ACLU Sues Facebook And 10 Others For Targeting Young Men In Job Ads

ACLU Sues Facebook And 10 Others For Targeting Young Men In Job Ads

Women in technical roles at Facebook make up 22 percent of the workforce, and 30 percent of senior leadership roles. If the company is committed to diversity as it has claimed to be, it would seem odd if Facebook is looking to hire more men.

The American Civil Liberties Union (ACLU) is suing Facebook and 10 advertisers over ads it says are discriminatory because they target male employees exclusively.

The ACLU filed a lawsuit accusing Facebook and 10 of its advertisers of gender discrimination, calling into question a tool on the social network that allows employers to run employment ads aimed exclusively at male users, the Huffington Post reported.

The suit was filed with the Equal Employment Opportunity Commission and accuses Facebook of “reviving an era when newspapers printed job listings in male and female columns, which largely excluded women from high-paying work, and of reneging on promises to protect its users from having their data used against them.”

“Facebook must change its platform to prevent advertisers from exploiting user data for discriminatory purposes, and ensure once and for all that all users, regardless of gender, race, age, or other protected status, are given a fair shake,” ACLU attorney Galen Sherwin wrote in an announcement about the lawsuit.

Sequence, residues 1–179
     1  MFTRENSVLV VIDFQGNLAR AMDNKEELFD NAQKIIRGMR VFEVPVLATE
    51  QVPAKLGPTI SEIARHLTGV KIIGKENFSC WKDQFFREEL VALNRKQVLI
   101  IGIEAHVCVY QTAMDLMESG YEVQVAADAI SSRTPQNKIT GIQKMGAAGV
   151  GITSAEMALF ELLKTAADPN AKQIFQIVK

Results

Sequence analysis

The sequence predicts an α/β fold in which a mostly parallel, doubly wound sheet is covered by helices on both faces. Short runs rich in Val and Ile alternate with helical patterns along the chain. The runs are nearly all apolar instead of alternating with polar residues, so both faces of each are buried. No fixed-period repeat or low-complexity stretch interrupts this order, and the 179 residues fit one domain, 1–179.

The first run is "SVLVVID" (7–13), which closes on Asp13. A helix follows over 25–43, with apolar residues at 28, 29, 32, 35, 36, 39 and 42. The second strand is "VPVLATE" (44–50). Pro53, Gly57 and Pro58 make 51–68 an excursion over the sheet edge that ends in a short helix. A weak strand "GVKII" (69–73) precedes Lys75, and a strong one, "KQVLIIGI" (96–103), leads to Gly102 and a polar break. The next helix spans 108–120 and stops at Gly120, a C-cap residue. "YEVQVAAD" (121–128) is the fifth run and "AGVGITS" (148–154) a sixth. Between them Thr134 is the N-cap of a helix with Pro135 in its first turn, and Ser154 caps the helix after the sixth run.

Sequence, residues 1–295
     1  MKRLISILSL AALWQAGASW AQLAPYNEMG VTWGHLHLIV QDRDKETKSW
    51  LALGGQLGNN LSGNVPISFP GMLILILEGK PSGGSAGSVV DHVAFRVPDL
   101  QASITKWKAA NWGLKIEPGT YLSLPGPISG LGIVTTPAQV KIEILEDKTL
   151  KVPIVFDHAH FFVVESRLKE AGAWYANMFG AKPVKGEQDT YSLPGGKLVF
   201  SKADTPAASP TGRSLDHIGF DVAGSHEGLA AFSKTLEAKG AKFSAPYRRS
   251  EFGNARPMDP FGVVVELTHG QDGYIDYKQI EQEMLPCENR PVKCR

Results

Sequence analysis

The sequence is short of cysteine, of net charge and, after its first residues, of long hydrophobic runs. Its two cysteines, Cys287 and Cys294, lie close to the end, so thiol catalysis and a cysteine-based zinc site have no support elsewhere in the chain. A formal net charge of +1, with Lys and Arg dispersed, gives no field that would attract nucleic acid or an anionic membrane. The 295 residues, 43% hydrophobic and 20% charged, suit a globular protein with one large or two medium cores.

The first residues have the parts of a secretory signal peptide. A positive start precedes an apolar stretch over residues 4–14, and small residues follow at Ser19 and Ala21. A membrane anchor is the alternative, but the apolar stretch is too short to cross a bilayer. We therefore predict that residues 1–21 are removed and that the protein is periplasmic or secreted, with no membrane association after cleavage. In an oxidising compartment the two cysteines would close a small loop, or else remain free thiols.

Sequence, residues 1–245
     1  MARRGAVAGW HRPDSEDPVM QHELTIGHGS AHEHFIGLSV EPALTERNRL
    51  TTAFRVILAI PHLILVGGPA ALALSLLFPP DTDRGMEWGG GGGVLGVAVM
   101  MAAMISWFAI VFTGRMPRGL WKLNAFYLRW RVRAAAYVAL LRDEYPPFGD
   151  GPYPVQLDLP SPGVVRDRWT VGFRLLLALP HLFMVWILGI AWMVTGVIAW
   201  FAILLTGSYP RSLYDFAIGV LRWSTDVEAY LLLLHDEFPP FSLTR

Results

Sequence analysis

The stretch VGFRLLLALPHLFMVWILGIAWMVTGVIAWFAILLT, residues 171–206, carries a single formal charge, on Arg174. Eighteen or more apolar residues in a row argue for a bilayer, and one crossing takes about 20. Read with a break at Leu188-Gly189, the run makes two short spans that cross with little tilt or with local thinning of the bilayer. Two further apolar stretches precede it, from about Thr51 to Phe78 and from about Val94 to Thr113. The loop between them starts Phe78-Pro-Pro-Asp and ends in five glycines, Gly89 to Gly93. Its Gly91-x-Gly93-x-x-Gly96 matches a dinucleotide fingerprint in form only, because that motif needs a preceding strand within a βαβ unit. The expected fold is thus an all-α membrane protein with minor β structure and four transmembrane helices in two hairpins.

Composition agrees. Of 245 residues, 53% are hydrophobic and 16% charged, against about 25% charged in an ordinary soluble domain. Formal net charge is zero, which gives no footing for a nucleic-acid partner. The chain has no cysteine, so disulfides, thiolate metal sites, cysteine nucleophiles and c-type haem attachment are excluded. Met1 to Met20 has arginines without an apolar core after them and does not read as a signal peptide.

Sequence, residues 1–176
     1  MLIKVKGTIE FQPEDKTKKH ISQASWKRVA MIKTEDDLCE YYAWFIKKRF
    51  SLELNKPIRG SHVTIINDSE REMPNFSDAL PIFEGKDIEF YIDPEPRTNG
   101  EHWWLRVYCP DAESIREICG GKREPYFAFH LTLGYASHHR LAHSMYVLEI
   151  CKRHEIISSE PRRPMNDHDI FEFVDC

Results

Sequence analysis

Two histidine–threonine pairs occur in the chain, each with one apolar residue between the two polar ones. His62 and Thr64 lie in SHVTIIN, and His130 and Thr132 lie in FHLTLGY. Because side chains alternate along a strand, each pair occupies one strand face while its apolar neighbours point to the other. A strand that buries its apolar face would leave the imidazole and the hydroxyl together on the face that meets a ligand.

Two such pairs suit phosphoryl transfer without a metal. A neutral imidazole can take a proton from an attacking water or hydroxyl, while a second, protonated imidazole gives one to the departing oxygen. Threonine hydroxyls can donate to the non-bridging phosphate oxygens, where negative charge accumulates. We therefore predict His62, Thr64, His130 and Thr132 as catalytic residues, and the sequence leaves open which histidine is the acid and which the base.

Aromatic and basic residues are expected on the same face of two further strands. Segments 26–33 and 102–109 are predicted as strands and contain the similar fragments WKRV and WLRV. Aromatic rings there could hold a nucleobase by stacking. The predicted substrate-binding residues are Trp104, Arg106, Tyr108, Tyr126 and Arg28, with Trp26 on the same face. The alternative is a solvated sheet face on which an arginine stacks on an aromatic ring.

Facebook CEO Mark Zuckerberg makes the keynote speech at F8, Facebook’s developer conference, Tuesday, May 1, 2018, in San Jose, Calif. (AP Photo/Marcio Jose Sanchez)


Besides Facebook, the lawsuit also names as defendants the following companies:

  • Abas USA
  • Defenders
  • Nebraska Furniture Mart
  • The City of Greensboro North Carolina
  • Need Work Today
  • Renewal by Andersen LLC
  • Rice Tire
  • JK Moving Services
  • Enhanced Roofing & Modeling
  • Xenit.

The suit says the 10 named employers and employment agency advertisers ran discriminatory jobs in “mostly” male-dominated fields, including a police department, multiple retailers, a software development firm and various installation, repair and remodelling companies, Techcrunch reported.

“I’ve heard stories about when people looked for jobs in the classified ads and big bold letters read ‘help wanted-male’ or ‘help wanted-female.’ I was shocked to find that this discrimination is still happening, just online instead of in newspapers,” said Bobbi Spees, a job-seeker and lead complainant in the case, in a statement.  “I shouldn’t be shut out of the chance to hear about a job opportunity just because I am a woman.”

Facebook has denounced the lawsuit. Facebook spokesman Joe Osborne released the following statement: “There is no place for discrimination on Facebook; it’s strictly prohibited in our policies, and over the past year, we’ve strengthened our systems to further protect against misuse. We are reviewing the complaint and look forward to defending our practices.”